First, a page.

Royals’ top pick Dozier looks built for success

KANSAS CITY, Mo. – The minute first-round draft pick Hunter Dozier ducked into the Royals’ clubhouse on Monday, Royals players took one look and decided he was ready to play in the big leagues now.
Get a uniform on, son, they yelled.
“I appreciated that,” Dozier said later, slightly embarrassed.
Indeed, Dozier does pass the eye test with his strapping, square-jawed, outside-linebacker build of 6 feet 4, 225 pounds.
Whether Dozier, 21, will put that physique to good baseball use we’ll all find out soon enough. Dozier was in Kansas City and at Kauffman Stadium on Monday after signing – just four days after being the eighth overall pick – with the Royals for a bonus reported at $2.2 million.
And from here, Dozier, a shortstop, will report to the Royals’ spring training site in Surprise, Ariz., for an introductory minicamp. After that, it’s off to rookie short-season ball in Idaho Falls, Idaho.
“We’re not going to rush him this summer,” Royals assistant general manager J.J. Picollo said. “I know there’s a history of moving college kids up in the system right away, but for now we’d just like to get him acclimated to our coaches and our system. He’s already played a lot of games (at Stephen F. Austin).”
Even Dozier acknowledged it has been a whirlwind four days.
“It’ll be nice just to catch my breath,” Dozier said. “It’s all been very exciting, but everything has gone really fast.”
Dozier was in Kansas City with his parents – his mom, Kelly, and his dad, also named Kelly (just one of those great coincidences, Mom said) – who sat through Monday’s press conference beaming.
“It’s just a dream come true for all of us,” Mom said. “For a mom, this is really something.”
Include Dad in on that vibe as well.
“When he got drafted,” he said, “I started crying. I lost it.”
And that’s understandable considering how closely Dad watched Hunter through Little League, then high school and college.
“But I never forced baseball on him or his older brother,” Dad said. “I always told them both that if they wanted to play catch or something, I’d always be there. But I wasn’t going to be dragging them to practice every day if they didn’t want to play baseball.”
Fortunately, Hunter didn’t need much encouragement. He was a multi-sport star at Denton High School in Texas but always favored baseball, which led to him accepting a baseball scholarship to Stephen F. Austin.
It was in college where he began to separate from being just a solid player to being an absolute scout magnet that eventually put him on the Royals’ radar.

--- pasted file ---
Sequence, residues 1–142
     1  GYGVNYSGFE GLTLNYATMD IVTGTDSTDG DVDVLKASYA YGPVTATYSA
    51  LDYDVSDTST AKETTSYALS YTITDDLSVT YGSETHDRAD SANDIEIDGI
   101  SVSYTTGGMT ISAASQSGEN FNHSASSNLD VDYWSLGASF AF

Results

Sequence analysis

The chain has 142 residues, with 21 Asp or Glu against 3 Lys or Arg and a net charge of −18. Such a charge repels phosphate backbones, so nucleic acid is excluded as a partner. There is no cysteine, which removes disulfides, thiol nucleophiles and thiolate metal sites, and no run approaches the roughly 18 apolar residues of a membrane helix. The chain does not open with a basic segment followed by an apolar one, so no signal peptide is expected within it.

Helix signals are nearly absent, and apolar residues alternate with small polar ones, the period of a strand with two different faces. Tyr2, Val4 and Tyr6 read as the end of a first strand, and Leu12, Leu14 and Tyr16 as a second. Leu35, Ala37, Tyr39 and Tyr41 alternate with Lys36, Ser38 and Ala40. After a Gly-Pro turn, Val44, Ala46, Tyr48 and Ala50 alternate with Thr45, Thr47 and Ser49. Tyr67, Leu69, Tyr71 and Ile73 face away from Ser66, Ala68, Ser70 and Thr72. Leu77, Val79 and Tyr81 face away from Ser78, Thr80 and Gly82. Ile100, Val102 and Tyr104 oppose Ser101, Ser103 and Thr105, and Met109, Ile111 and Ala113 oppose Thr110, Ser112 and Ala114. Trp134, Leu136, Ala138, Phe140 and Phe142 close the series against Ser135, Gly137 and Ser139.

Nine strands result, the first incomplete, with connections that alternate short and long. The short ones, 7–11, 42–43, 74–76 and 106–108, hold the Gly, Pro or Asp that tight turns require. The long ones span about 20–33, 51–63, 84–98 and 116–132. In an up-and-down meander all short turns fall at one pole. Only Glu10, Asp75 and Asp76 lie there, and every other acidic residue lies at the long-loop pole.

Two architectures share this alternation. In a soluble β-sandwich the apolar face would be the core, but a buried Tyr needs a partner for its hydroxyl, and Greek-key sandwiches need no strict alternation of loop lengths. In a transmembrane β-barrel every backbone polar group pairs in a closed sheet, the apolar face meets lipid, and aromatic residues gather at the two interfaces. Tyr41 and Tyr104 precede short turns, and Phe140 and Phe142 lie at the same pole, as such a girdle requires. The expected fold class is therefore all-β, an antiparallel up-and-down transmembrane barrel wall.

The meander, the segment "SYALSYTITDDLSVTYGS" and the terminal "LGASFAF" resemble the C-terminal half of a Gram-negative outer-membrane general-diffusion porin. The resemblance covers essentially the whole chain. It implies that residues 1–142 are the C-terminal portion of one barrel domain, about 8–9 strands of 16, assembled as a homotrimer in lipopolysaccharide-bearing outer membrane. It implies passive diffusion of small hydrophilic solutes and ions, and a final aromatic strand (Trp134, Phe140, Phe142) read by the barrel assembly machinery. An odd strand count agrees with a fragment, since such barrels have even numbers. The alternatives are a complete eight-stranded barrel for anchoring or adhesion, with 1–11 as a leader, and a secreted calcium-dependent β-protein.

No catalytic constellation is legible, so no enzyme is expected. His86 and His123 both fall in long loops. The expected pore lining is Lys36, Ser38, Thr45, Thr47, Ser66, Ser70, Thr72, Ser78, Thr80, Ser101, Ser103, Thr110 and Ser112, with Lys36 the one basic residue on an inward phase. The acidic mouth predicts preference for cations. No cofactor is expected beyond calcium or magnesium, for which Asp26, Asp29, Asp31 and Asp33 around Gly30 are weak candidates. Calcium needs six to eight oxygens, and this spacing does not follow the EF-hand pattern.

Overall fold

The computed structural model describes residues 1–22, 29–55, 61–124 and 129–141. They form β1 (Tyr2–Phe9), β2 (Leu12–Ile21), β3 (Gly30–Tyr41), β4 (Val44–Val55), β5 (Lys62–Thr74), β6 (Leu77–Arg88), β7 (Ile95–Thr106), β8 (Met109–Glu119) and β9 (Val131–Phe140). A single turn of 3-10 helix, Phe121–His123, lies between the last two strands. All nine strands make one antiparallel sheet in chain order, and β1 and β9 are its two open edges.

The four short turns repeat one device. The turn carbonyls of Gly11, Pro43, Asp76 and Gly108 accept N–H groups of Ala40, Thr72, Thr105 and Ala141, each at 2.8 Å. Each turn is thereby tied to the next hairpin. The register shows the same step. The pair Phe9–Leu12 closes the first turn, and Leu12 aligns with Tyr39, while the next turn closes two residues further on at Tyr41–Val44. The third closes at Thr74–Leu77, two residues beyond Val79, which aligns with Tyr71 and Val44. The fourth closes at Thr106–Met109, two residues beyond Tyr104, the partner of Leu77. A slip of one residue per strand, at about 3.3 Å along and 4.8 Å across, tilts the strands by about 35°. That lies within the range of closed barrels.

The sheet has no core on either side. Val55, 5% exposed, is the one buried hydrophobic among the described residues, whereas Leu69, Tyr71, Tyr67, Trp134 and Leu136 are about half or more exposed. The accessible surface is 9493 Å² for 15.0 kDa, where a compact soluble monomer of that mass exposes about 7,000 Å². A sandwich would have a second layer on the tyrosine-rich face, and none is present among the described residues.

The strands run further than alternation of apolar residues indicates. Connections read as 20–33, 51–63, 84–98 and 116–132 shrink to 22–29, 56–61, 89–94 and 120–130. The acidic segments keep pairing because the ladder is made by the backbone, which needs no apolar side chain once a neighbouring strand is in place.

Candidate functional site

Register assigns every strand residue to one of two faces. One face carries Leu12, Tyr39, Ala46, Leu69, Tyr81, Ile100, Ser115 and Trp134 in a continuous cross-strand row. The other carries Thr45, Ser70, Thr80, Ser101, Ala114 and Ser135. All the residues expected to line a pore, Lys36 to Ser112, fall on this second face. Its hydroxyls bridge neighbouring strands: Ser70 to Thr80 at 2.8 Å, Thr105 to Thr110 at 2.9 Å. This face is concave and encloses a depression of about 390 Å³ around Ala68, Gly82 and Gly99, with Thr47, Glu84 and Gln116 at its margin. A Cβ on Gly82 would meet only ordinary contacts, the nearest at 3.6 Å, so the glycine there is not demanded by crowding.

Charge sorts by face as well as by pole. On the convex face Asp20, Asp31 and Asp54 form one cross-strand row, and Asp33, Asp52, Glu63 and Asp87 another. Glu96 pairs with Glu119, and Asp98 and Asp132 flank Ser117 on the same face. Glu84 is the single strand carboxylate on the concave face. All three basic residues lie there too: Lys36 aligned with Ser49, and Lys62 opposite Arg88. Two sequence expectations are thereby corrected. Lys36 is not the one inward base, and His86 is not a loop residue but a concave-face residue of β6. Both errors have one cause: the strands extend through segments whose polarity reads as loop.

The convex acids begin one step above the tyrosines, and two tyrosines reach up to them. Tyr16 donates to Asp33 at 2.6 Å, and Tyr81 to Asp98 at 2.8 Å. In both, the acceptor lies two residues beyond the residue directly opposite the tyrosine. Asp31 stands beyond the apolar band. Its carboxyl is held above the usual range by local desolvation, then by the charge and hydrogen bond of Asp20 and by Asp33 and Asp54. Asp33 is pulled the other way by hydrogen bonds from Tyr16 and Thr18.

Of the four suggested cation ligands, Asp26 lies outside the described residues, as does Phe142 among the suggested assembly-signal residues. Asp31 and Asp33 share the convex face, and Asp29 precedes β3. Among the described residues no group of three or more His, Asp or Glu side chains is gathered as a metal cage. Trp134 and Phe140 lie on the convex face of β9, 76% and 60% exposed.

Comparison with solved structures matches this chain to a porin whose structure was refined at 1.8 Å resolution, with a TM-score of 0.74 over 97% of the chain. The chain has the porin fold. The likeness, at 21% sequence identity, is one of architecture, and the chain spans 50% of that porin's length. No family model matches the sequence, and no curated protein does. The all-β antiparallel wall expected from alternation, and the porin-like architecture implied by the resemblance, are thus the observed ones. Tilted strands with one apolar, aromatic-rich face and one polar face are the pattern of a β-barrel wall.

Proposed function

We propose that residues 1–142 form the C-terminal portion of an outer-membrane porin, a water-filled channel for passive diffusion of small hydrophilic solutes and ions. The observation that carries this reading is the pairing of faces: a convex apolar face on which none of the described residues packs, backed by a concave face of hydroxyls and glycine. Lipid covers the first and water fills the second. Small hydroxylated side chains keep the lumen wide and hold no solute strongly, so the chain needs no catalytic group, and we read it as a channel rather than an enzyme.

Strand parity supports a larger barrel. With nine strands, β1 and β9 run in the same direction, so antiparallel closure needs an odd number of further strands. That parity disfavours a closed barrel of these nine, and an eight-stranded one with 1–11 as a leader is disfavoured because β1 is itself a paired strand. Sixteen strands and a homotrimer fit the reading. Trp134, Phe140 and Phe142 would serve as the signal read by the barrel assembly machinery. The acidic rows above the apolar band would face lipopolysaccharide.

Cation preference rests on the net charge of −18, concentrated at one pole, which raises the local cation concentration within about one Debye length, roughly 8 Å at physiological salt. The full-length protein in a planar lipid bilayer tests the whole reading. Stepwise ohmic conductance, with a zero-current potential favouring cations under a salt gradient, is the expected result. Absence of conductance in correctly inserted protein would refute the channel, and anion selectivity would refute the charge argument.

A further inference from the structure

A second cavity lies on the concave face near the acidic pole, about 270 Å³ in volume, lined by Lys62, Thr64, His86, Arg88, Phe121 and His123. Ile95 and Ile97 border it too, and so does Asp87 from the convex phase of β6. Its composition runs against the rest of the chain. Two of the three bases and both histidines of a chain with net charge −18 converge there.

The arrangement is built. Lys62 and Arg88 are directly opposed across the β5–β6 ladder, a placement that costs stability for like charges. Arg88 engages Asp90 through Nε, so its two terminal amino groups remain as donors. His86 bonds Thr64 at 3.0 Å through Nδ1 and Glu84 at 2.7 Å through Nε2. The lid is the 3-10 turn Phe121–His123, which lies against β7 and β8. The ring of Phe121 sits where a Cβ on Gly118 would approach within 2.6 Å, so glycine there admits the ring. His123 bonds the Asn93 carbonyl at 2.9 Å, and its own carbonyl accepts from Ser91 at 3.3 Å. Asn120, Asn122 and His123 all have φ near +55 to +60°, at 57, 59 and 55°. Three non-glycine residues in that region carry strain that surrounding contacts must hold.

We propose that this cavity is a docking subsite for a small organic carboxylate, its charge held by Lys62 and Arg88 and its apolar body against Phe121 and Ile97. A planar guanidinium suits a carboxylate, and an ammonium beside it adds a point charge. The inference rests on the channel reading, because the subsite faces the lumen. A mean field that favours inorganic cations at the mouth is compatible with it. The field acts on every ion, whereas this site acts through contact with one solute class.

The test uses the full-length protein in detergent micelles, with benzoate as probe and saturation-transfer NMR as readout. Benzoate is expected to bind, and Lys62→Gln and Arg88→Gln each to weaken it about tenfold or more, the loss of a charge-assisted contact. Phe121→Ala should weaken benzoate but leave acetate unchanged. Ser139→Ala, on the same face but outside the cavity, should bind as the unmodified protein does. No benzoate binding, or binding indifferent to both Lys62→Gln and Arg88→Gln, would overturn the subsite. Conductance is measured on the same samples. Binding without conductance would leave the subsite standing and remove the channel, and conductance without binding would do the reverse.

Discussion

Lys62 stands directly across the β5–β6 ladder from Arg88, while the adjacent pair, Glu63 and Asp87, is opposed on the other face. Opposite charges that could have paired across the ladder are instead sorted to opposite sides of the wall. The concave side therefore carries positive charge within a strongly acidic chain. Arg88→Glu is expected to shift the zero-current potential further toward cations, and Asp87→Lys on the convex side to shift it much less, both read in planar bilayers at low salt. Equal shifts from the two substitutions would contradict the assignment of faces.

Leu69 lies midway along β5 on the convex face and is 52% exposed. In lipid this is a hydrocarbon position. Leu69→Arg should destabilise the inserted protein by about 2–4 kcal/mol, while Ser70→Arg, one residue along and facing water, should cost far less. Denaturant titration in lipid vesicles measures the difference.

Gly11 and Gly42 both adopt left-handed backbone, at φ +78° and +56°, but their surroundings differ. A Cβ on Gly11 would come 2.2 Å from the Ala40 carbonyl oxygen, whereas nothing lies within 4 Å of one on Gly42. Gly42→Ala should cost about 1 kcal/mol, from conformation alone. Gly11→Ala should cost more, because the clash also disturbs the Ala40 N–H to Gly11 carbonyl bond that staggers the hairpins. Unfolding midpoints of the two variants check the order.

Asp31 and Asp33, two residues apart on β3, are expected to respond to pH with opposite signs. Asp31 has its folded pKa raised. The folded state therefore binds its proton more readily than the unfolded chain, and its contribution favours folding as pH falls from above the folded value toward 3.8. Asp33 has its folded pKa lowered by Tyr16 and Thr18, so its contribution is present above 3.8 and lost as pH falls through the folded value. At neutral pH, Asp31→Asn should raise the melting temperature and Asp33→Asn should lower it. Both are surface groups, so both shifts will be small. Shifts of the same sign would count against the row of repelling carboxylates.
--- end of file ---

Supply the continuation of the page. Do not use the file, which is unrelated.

“His name came across my desk very early in the process, and the more I heard about him from (director of scouting) Lonnie (Goldberg) and J.J., the more I got excited about him,” Royals general manager Dayton Moore said. “I was really hoping we’d get a chance to draft him. You just never know how things might fall on draft day.”
It fell perfectly for Dozier when the Royals went on the clock with the eighth pick.
“We didn’t really hesitate,” Picollo said. “He was our guy.”
Dozier himself admits he didn’t necessarily expect to be picked that high.
“I didn’t expect it,” he said, “but I was very happy about it.”
Dozier had some indication he might go to the Royals. After all, he had been in Kansas City the week before at a pre-draft workout and took batting practice at The K.
Dozier also happily reports he was able to launch “a few” homers out of the spacious park.
“Hit some over the left field and left-center field (wall),” he said.
That home run power has been somewhat of a late gift in his young career, he said. Dozier hit 17 homers last season and hit .396 overall.
“Before last year, I was more of a doubles guy,” he said. “But I started to find some power last year. Hopefully, that will continue. I think I can be a power guy.”
Those words likely will serve as comforting to a Royals fan base starving for home run hitters to cheer for. The Royals are dead last in the American League in homers.
Just how soon might Dozier get to Kansas City to start reaching the fences?
“As soon as possible,” he said, smiling.
You can follow Jeffrey Flanagan on Twitter @jflanagankc or email him at